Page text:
The Star-Ratings Tango

The Snark Zone: Letters from the Editors
Theryn “Beaver” Fleming

star star
Photo Credit: Markus Schöpke

The internet is always teaching me something. For instance, I recently learned that you’re not a geek if you can’t display an in-depth knowledge of particular pop culture phenomena. (I’d elaborate, but I can’t because I lack sufficient geek cred.) Say what? You’ve just robbed me of my life-long belief that I’m a geek, internet. I haz the sads. (The dictionary still has my back. Whew.) I also just learned that displaying your diplomas makes you a tacky, pretentious douche. Thanks, internet! (The classy thing to do, if you’re wondering, is to put them in a box “somewhere” and then “forget” about them.)

Now that my whole worldview has been upended—ah, kidding. One should never take internet wisdom too seriously, of course. I just wanted to illustrate that what one group holds to be a common understanding will often astonish or perplex another. We develop our ideas of what constitutes common knowledge based on the people around us, and it’s often not until we collide with someone who is baffled by something we consider common sense that we become aware that our perspectives are not as universal as we might think.

Which brings me to the bane (and occasional delight) of every writer’s existence: star-ratings. Perhaps nowhere am I more aware of how much perspectives can conflict than with book reviews. When I started keeping track of the books I read on my blog, I didn’t rate them. I even tried to avoid calling my posts “reviews”—my rationale being that my posts aren’t reviews in the classic sense, but more like my reading notes and reflections, a part of my reading process. Then I joined Goodreads with its tempting little stars. At first I thought deciding how many stars to give a book would be difficult. That’s when I noticed the hovertext. This is what it says:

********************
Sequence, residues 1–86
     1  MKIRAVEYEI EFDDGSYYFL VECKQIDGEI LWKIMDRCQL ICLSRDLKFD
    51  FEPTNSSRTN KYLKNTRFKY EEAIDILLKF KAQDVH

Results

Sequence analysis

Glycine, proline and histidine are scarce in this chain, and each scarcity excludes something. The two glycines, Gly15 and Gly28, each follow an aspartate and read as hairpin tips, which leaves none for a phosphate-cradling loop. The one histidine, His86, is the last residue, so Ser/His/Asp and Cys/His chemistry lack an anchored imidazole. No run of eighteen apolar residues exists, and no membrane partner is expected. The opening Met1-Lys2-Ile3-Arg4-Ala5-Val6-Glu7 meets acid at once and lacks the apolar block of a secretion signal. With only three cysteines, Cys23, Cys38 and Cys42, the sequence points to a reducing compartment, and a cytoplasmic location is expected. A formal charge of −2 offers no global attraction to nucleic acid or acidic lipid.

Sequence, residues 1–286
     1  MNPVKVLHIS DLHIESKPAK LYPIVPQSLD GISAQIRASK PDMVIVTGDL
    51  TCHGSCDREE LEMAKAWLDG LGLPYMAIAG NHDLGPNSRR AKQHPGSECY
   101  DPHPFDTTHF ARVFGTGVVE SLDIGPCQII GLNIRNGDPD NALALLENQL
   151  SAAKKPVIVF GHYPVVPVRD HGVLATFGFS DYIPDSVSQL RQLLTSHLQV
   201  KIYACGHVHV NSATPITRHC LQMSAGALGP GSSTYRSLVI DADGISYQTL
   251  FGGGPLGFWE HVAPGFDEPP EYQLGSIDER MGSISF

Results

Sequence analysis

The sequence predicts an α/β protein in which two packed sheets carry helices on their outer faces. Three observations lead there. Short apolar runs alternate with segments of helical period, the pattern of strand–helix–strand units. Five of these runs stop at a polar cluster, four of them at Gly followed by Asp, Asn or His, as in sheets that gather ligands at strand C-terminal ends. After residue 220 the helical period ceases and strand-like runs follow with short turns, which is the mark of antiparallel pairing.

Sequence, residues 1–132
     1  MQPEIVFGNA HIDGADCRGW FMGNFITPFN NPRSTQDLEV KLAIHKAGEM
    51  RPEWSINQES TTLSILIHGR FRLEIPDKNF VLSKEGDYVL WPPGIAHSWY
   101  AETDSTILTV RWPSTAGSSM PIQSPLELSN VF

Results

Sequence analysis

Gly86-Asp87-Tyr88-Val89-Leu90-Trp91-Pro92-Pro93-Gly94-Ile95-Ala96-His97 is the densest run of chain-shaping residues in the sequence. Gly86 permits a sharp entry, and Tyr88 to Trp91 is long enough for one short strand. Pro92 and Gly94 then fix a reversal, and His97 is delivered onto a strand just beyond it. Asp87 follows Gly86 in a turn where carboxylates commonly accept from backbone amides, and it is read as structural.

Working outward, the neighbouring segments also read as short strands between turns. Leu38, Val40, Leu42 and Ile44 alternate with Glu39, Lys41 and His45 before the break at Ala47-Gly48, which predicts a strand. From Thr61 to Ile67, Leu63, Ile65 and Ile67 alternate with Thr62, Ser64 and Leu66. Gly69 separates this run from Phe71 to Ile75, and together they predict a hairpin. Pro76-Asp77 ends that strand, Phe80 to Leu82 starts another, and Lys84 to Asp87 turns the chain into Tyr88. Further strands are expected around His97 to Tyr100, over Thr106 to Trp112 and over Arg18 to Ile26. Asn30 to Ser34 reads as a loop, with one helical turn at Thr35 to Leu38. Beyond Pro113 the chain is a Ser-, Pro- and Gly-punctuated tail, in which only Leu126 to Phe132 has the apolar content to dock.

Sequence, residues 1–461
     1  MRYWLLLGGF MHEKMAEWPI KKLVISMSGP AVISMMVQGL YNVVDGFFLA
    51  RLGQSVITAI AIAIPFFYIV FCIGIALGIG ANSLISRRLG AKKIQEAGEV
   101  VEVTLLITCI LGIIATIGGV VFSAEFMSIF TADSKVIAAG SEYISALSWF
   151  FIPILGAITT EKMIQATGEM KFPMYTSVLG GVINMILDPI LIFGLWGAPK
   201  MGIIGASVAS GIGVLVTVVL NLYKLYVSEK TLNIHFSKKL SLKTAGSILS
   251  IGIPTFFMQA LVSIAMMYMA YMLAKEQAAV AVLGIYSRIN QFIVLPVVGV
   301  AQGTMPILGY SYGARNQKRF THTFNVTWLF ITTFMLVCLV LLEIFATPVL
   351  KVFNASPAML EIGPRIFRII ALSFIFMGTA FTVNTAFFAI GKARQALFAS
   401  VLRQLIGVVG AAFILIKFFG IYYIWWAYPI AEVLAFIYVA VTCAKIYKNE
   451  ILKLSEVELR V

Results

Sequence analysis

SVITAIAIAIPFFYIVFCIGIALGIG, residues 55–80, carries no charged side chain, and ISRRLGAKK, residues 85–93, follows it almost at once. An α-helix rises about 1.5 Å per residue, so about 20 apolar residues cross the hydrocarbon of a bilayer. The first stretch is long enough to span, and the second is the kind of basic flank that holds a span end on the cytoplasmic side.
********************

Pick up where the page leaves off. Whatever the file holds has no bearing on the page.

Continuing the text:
5 stars — it was amazing
4 stars — really liked it
3 stars — liked it
2 stars — it was ok
1 star — did not like it

While choosing stars on their own seemed an enigmatic proposition, these little descriptions clicked with me. They made sense. It was surprisingly easy to slot any book into one of those categories. From my perspective, only the one stars are truly negative reviews, and no book’s getting a five unless it had a profound impact on me. Most books are going to land somewhere in the middle, and most of those are going to be threes. You know, average. Not life-changing but not terrible either. And yet, I’m clearly in the minority in taking this approach. It’s so unusual, it might even be considered weird.

In the majority camp, you have readers who give four or five stars to practically everything. This group includes writer-readers who are reluctant to say anything remotely critical about a fellow writer, sometimes out of kindness, sometimes out of fear of retaliation. Their positive reviews tend to be genuine; they simply omit reviewing books they didn’t like. It also includes readers whose star-ratings don’t match their written reviews. That is, they’ll write a ‘this book was ok’ review but then give the book four stars. I can only surmise that this strategy is an attempt to avoid conflict with the writers of the books in question. The third group are readers who would clearly prefer a binary ratings system: loved it/hated it, like/dislike, thumbs up/thumbs down. With this group, everything’s a five or a one.

On the other side of the reading equation, you have the writers, many of whom seem to have developed the expectation of receiving five-star reviews. Frequently I see writers flipping out over two- and three- and even four-star reviews, in despair because from their perspective anything less than a five means “I hated it” or angry because they think an uninformed and possibly jealous reader is out to get them. Some will fume to their allies, seeking sympathy; others will attack readers head-on, rebutting each criticism or even bullying readers into changing their reviews.

This, I shouldn’t have to point out, is egregious behavior. As writers, we absolutely do not have the right to dictate what readers think of our work or what they write about it. A great deal of the conflict over reviews, I think, arises from writers misunderstanding readers’ motivations for writing them. Reviews have multiple purposes—they can be for personal reflection, to enter into a discussion with fellow readers, or to provide information to potential readers—but unless the reviewer is the writer’s publicist (or a friend providing UPOP), they are not for the writer.

Once a work leaves our hands, it ceases to be ours alone. Whatever words we have put on the page, with each new reader, each new reading, the meaning is reinterpreted, the story reconstructed. Each story is a tango, a negotiation, between writer and reader. A story that one reader finds moving and meaningful, another might find sappy and maudlin. And that’s ok. No, really it is. It might make you sad that a reader didn’t find your story as wonderful as you think it is, but it doesn’t mean they’re doing their reviews wrong. It means their perspective is different than yours.

The good news is, that means sometimes two stars equals “guilty pleasure!” not “blech.”

Email: beaver[at]

Print Friendly, PDF & Email